Magazine article UN Chronicle

'Truth Be Told': A Public Dialogue

Magazine article UN Chronicle

'Truth Be Told': A Public Dialogue

Article excerpt

South Africa's Truth and Reconciliation Commission was set up as a forum for restorative justice and to expose the crimes of the apartheid era. Apart from providing much-needed exposure of that system, it encouraged informed discussions and collective healing by assigning responsibility and bearing witness to history. Truth commissions have become a model adopted by countries like Rwanda, still recovering from the 1994 genocide. Since 2001, the gacaca court hearings have offered justice at the village level, allowing Rwandans to try those accused of participating in the mass killings.

[ILLUSTRATION OMITTED]

Honesty and integrity were among the topics covered during the public dialogue on "Your Truth, My Truth, The Truth", held at the Synod Hall of New York's Cathedral Church of St. John the Divine on 22 June 2005. Community Works, in association with the Harlem Arts Alliance and the New York Metropolitan Martin Luther King, Jr. Center for Non-Violence, sponsored the morning exchange with world-renown activist William Sloane Coffin. Venerated by friends and respected by critics, he has earned a reputation as an outspoken political and moral agitator, who demonstrates the audacity and conscientiousness to criticize the status quo. Born in 1924 in New York City, Rev. Coffin has been known for combining religious fervour with a belief in active political engagement.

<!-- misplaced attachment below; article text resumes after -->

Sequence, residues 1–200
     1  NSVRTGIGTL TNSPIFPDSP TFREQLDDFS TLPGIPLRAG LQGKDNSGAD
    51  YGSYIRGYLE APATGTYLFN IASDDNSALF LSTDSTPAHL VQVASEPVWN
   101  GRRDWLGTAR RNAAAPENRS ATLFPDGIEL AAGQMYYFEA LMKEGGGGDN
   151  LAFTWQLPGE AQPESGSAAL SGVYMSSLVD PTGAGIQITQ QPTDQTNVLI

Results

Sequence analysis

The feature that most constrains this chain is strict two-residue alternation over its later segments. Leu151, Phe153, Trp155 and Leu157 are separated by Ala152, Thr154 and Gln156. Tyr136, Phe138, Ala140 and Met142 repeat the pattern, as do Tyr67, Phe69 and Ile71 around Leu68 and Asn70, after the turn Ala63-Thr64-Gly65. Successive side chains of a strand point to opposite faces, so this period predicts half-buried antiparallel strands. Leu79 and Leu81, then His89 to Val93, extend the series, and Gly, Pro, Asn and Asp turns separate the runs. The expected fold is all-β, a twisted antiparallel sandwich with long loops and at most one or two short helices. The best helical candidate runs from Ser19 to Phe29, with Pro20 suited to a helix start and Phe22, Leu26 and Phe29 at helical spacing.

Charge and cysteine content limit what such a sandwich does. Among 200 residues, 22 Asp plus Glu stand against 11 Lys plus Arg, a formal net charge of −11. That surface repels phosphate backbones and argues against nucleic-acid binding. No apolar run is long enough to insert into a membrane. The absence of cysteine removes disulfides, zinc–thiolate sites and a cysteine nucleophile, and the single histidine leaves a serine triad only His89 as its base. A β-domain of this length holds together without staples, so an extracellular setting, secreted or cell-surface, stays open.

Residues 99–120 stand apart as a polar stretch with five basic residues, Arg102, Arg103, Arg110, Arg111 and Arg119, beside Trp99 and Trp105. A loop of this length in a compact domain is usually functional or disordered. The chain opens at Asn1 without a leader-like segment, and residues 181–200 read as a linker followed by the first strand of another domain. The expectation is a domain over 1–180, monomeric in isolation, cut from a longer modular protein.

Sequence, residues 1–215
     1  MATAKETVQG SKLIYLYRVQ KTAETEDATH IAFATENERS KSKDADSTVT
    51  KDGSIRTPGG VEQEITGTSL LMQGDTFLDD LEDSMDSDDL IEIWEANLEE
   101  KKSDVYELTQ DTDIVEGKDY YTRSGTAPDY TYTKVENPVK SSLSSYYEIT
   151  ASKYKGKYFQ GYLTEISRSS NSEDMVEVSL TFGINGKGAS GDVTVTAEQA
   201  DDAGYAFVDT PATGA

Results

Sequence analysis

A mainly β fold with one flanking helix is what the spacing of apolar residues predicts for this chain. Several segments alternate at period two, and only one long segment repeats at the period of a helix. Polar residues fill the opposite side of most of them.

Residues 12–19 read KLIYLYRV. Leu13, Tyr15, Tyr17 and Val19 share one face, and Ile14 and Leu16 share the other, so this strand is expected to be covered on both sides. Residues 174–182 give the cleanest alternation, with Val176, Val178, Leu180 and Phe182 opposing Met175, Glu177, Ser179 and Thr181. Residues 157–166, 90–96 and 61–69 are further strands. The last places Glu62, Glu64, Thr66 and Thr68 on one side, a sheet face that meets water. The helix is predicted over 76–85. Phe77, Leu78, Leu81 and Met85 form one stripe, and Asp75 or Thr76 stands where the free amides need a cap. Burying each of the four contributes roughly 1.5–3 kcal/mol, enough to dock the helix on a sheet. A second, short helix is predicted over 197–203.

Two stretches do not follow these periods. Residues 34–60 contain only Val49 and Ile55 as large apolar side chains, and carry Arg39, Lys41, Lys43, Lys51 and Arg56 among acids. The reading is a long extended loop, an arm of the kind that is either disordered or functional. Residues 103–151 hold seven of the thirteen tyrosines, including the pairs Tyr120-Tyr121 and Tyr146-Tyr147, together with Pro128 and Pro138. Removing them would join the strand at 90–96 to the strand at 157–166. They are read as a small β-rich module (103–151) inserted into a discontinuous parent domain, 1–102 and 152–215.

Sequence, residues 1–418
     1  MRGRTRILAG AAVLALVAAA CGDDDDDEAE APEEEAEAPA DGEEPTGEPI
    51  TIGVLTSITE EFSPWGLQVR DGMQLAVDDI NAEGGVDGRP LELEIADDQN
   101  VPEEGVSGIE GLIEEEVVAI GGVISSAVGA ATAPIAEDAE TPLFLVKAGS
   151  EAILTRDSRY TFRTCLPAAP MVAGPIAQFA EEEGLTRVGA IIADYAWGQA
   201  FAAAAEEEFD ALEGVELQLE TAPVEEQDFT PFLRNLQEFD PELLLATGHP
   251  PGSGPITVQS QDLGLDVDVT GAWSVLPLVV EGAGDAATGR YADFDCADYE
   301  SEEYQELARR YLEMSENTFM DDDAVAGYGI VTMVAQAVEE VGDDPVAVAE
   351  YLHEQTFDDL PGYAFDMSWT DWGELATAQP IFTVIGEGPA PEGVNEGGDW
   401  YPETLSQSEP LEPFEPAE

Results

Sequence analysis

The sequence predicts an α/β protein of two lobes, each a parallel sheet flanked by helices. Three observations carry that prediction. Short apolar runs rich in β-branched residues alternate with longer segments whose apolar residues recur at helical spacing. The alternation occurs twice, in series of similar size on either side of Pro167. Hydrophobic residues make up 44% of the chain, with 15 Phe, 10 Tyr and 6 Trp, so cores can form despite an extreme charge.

An active octogenarian with slightly slurred speech owing to two strokes, Rev. Coffin is most often identified as a former Freedom Rider (freedom riders challenged racial segregation in the southern United States), Yale University's outspoken chaplain and longtime senior minister at Riverside Church. He has been active in disarmament and anti-war efforts, most notably during the conflicts in Viet Nam and now in Iraq. In 1979, he headed SANE/FREEZE, a group that was renamed Peace Action in 1993. He recently published Credo ("I believe"), an award-winning manifesto that explores issues he felt deserved continued scrutiny and active public response.

The public dialogue was neither an unbiased nor a random gathering. …

Search by... Author
Show... All Results Primary Sources Peer-reviewed

Oops!

An unknown error has occurred. Please click the button below to reload the page. If the problem persists, please try again in a little while.